Meet Diane Thomson
Diane Thomson, MS, CAPC, PCC
As a Certified ADHD Productivity Coach (CAPC), a journey that started in 2012, I coach neurodiverse adults, students and their parents to balance out life's responsibilities, create clarity, reduce stress and act on what matters. While doing so, I strive to educate clients on the impact of ADHD and Executive Function challenges, often at the root of productivity and organization struggles. Together with my clients, we develop realistic strategies for a more satisfying and positively engaged lifestyle.
I received my coaching training from the Coach Approach Training program, and the Certified Professional Coach (PCC) credential from the International Coaching Federation (ICF). CAT’s program is fully accredited by ICF, thus sets rigorous standards for training and practice under the supervision of thought leaders in the field of ADHD coaching.
Currently, I am a trainer for the CAT program; teaching Body Based Coaching and co-teaching Coaching the ADHD Client from Awareness to Action with Cameron Gott, PCC
My Story: Why Coaching
I started my career helping people as a “mental health assistant” in an in-patient psychiatric program. I was in my 20’s and finding my way, but in a moment of clarity, I realized these patients, even when emotionally stabilized, had significant challenges in managing their lives outside of the hospital. I thought, “I want to help people manage their daily lives – learn the basics.” I wanted to help where it had the most impact, in their homes.
It may have been naive, but it was a very strong feeling. You know…when something feels just right.
It took a few decades to activate that moment of clarity. After 15 years of working in mental health & addiction recovery programs, including getting my Masters in Dance Movement Therapy and then taking time off for motherhood, I established my work as a Professional Organizer in 2003, reviving that desire to help people more directly in their day to day lives.
But something still didn’t feel right. Many of my clients, despite guidance, education, support, encouragement and a desire on their part, could not adopt the “organized ways” I had helped them set up.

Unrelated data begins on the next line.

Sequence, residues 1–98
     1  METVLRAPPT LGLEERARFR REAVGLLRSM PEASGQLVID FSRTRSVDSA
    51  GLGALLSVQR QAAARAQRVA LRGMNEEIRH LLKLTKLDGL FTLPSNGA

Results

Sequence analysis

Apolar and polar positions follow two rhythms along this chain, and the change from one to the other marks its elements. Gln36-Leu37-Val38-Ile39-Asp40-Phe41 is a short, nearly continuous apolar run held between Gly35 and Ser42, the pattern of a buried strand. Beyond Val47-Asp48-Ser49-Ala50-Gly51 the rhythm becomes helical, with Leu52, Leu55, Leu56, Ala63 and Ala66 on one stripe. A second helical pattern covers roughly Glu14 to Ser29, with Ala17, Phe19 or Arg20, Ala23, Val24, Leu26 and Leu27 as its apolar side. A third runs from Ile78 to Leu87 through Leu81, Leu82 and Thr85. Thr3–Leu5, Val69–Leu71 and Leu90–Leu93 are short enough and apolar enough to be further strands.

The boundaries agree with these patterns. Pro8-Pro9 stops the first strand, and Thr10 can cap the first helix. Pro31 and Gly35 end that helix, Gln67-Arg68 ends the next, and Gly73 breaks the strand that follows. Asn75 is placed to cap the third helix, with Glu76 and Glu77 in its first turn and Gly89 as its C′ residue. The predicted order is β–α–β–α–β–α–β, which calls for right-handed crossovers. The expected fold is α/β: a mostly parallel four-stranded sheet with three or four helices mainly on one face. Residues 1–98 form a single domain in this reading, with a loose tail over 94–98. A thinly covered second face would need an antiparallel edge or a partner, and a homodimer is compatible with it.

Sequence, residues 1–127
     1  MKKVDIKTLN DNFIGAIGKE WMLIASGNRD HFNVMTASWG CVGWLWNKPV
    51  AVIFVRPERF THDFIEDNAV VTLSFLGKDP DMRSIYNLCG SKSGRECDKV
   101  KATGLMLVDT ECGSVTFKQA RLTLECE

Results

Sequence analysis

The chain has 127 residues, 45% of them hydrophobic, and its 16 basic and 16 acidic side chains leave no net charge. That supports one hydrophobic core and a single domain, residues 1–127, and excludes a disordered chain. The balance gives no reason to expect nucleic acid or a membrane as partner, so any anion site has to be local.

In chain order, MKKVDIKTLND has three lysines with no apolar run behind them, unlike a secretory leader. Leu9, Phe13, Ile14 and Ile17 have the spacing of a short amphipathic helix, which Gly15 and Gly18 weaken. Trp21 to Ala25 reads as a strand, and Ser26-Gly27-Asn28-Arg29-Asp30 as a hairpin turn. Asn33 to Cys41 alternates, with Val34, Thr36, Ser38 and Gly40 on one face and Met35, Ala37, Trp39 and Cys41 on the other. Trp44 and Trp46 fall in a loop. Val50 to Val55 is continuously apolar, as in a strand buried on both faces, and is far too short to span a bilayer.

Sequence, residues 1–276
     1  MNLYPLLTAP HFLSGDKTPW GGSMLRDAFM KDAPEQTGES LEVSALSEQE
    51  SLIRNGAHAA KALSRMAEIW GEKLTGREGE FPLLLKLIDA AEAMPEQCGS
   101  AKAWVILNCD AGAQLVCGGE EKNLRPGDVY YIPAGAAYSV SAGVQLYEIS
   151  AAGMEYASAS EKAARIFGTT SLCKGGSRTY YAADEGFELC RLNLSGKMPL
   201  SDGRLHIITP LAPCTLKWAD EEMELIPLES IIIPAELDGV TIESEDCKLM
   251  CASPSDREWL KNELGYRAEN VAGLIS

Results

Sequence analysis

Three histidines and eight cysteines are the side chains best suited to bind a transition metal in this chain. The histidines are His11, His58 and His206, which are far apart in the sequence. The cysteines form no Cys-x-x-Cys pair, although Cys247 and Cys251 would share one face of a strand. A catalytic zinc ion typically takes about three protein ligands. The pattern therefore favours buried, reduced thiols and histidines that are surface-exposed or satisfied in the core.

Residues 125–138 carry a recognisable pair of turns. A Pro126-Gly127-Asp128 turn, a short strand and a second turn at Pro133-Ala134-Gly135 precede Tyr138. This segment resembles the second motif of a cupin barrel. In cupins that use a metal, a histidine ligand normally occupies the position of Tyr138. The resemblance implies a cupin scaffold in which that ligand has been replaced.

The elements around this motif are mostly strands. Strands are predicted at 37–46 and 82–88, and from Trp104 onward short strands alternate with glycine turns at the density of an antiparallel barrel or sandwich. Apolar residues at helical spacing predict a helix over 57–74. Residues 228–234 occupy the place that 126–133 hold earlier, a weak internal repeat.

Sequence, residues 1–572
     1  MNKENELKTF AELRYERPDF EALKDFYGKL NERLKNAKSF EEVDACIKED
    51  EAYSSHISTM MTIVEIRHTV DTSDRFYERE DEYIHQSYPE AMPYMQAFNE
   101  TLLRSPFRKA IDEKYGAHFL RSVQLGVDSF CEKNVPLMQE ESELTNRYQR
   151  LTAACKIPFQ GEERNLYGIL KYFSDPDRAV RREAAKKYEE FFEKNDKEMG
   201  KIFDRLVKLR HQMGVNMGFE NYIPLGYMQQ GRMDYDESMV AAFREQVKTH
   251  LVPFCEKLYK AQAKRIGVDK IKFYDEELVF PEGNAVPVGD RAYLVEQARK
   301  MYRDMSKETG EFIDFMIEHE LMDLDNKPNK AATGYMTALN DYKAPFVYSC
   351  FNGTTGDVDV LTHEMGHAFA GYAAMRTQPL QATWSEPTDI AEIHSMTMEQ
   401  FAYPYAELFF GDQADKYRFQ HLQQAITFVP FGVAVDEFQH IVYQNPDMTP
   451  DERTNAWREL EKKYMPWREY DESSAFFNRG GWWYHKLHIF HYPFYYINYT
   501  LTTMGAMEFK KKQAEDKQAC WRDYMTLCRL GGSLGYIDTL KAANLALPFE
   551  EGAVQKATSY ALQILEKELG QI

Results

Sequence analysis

I had to wonder, “what was I missing?” Afterall, I had lots of experience and training to work in a variety of challenging situations, but I wasn’t helping effect the change ultimately sought. My clients wanted their lives to feel more manageable, to feel less stressed. They thought a Professional Organizer could fix it by guiding them in clearing their clutter and creating organized systems.
However, just showing people what to do wasn’t effective without a process for behavioral change to occur.
Discovering What is Possible
My dilemma led me to the Coach Approach Training and the “awareness-action-learning” process of change. Coaching opens the door to trying out new actions, behaviors, habits, that are born out of self-understanding, identifying what is important and what is getting in the way. The actions teach the lesson about what works and what doesn’t, building the client's competence and confidence in themselves.
I learned to appreciate unique, neurodivergent brain wiring and as a "compassionate sequential" (a Cameron Gott expression) I recognize
that how my brain works, is not how everyone’s brain works. ADHD and Executive Function challenges must be taken into account to address how one manages their day, environment, time, and activities. I work with the difference, not try to make my clients like me.
Now, I am always learning about coaching and the process of change; through classes, books, podcasts, webinars. However, I learn the most by listening to my clients, allowing my imagination and my felt sense to understand and collaborate empathically with them.
I grew up in Wisconsin and now live in New Jersey via Brooklyn, NY.
I enjoy being outdoors, playing tennis, gardening, historical dramas and dancing when the mood strikes. Being part of a racially blended family, I readily engage in activities to expand my understanding of and promote racial justice and equality.
Now it’s your turn. I’d like to hear your story!